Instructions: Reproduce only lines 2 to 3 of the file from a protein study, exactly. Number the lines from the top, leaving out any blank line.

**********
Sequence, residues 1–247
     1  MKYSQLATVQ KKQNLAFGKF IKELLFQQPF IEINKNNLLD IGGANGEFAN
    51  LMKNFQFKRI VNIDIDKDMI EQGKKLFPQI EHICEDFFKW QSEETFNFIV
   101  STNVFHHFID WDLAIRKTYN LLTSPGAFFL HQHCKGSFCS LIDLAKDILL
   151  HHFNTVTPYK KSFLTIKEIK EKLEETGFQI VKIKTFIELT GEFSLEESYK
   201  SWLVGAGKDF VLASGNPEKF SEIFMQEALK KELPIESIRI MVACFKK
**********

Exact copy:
     1  MKYSQLATVQ KKQNLAFGKF IKELLFQQPF IEINKNNLLD IGGANGEFAN
    51  LMKNFQFKRI VNIDIDKDMI EQGKKLFPQI EHICEDFFKW QSEETFNFIV